Wednesday, 13 July 2016

Book Review: The Alchemist



I found The Alchemist by Paul Coelho, to be deceptively simple at a first glance, but quite deep in reality. It is about the importance of seeking one’s own meaning of life and spending one’s life fulfilling it. 

Paul Coelho calls it seeking one’s “Personal Legend.” Doesn't that sound sort of fairytale-like? This story about a young Shepherd boy, Santiago who embarks on a courageous journey of self-discovery, comes across like a fairytale. Unlike the classic fairytale however, we are given a process, alongside possible stumbling blocks, set in a coming of age style fairytale. Does that even make sense to you?

Coelho explains that there is the need to come to the realization that our lives are dictated by what is acceptable. This is revealed in our customs, our family traditions and expectations of how our lives should be, the laws of the land where we leave and tradition. We must be willing to strike new paths in a brave new world to find a special Personal Legend. We must be willing to brave disapproval from our nearest and dearest, something that is always so difficult to do. 
Sometimes we must be willing to acknowledge that love may turn out to be an obstacle. Why do I say this?
We've been led to believe, especially as women that we have to sacrifice all for the happiness of our loved ones. The Alchemist forces us to reevaluate our perception of love. The author contends that " ...love never keeps a man from pursuing his Personal Legend. If he abandons that pursuit it's because it wasn't true love."
Thus he makes it clear that there is no need to give up our Personal Legend or dreams in order to live the way the other person wants us to. No need at all. After all, has it not always been said that 'if something is yours and you let it go and it comes back to you, then it was truly yours. If it doesn't then, it was never yours.'

Coming to the conclusion that love means not giving up your dreams for anybody tends to be tough. Sometimes, living with a decision to stick with your guns in the face of seemingly insurmountable obstacles appears too hard and there is that urge to give up. “Tell your heart that the fear of suffering is worse than the suffering itself. And that no heart has ever suffered when it goes in search of its dreams, because every second of the search is a second’s encounter with God and with eternity.”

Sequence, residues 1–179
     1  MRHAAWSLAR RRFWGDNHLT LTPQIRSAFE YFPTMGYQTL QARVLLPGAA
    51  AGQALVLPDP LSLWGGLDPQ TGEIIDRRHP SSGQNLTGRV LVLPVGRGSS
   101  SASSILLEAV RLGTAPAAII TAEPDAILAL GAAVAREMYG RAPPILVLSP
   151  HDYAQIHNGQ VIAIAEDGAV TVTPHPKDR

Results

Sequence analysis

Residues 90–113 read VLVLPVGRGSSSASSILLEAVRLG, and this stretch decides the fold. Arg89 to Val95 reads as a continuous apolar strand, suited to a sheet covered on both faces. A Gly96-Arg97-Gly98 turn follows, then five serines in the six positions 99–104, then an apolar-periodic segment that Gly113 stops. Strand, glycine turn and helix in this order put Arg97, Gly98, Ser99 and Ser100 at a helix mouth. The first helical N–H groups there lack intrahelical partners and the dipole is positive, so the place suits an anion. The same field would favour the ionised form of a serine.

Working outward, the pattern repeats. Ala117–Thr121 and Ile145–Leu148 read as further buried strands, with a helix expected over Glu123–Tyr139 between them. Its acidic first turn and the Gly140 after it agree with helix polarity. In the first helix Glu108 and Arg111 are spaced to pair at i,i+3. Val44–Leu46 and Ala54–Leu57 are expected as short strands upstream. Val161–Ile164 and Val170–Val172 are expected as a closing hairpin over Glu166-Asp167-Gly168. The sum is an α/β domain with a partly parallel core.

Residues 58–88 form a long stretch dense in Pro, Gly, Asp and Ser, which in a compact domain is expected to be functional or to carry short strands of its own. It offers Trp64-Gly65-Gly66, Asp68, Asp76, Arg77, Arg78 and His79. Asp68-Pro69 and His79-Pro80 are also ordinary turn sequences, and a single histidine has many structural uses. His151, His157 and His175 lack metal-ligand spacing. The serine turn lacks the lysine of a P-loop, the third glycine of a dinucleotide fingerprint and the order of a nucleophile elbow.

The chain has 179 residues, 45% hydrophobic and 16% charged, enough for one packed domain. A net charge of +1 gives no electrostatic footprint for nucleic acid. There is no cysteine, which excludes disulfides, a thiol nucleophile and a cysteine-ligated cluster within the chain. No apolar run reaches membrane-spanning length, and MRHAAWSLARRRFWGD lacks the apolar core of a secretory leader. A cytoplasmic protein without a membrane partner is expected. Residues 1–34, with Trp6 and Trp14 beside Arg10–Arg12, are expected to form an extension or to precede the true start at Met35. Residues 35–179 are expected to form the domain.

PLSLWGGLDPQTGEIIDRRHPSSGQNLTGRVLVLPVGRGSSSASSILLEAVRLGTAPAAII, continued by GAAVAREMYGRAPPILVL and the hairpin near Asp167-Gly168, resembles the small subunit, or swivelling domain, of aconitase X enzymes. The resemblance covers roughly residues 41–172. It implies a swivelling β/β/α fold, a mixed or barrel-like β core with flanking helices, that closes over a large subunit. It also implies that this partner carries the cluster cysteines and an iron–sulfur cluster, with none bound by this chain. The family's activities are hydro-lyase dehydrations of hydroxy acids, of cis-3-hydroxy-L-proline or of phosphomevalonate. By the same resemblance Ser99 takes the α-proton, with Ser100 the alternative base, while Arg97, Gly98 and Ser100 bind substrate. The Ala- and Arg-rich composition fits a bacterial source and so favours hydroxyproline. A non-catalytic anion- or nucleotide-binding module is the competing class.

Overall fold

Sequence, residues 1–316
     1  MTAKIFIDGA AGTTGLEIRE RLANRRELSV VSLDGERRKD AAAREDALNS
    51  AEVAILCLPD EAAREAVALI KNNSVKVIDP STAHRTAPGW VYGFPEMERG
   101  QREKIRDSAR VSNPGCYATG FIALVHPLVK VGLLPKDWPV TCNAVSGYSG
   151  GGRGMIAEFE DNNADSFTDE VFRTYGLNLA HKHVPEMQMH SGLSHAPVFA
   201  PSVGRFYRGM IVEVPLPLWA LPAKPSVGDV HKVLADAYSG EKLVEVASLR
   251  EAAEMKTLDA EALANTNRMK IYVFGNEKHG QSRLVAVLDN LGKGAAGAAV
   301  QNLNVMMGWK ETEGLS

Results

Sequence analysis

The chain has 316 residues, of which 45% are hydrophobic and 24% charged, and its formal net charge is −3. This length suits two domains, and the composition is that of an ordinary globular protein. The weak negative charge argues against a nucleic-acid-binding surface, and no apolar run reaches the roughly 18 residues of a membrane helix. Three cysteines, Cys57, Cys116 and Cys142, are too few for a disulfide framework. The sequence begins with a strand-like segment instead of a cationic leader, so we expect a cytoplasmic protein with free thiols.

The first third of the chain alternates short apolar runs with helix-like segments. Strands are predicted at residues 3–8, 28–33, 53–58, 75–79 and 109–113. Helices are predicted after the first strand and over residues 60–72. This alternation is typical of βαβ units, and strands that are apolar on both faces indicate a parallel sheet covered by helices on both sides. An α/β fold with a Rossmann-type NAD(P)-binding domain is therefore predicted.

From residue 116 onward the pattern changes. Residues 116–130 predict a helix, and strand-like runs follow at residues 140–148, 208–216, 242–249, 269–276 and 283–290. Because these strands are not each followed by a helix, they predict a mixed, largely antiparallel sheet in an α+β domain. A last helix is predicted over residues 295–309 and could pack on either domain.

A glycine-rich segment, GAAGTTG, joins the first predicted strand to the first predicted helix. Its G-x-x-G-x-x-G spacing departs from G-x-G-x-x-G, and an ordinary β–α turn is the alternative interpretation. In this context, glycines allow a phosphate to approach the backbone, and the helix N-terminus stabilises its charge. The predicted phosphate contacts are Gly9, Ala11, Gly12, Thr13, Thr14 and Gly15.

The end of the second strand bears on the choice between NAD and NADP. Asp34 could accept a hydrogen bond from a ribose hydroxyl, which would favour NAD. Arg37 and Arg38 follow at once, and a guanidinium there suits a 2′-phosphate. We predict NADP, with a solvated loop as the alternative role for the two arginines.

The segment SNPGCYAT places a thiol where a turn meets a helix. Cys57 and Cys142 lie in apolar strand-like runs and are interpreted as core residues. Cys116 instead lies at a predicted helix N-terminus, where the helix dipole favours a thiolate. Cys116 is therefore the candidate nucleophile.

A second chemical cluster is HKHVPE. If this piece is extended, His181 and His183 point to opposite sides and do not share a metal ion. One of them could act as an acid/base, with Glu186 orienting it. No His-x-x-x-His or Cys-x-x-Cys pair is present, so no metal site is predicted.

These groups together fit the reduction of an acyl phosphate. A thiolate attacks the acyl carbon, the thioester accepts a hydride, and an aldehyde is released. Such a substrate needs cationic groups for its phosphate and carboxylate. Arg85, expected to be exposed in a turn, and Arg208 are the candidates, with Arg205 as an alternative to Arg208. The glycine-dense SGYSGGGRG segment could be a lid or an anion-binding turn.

Giving up would however be the worst thing you could do in your life. This is because in giving up, one has failed to achieve one's dreams, just by dodging the hardships that would be necessary to achieve our Personal Legend. This is illustrated where :“My heart is a traitor,” the boy said to the alchemist, when they had paused to rest the horses. It doesn’t want me to go on.That makes sense,” the alchemist answered. “Naturally it’s afraid that, in pursuing your dream, you might lose everything you’ve won."

The struggle to discover our Personal Legend doesn't end here. Guilt is a major obstacle. This is because after achieving what you have, and looking around, you would find that you are in a minority. So we hide our achievements. This too is a bridge to cross.


In conclusion, let's take a look at the book title, The Alchemist. In the same way an alchemist turns metal into gold, we are encouraged to turn our potentially ordinary lives to golden achievements. My father made me memorize a quote by Ralph Waldo Emerson when I was very young which has resonated strongly with me over the years "Most of the shadows in our lives are caused by standing in our own sunshine". In comparing that quote to The Alchemist, I'm drawn back to a period in the book where our protagonist was nearly tempted by pride to return home before he had even embarked on his treasure hunt. Just imagine the life full of regrets he would have endured, had he turned back.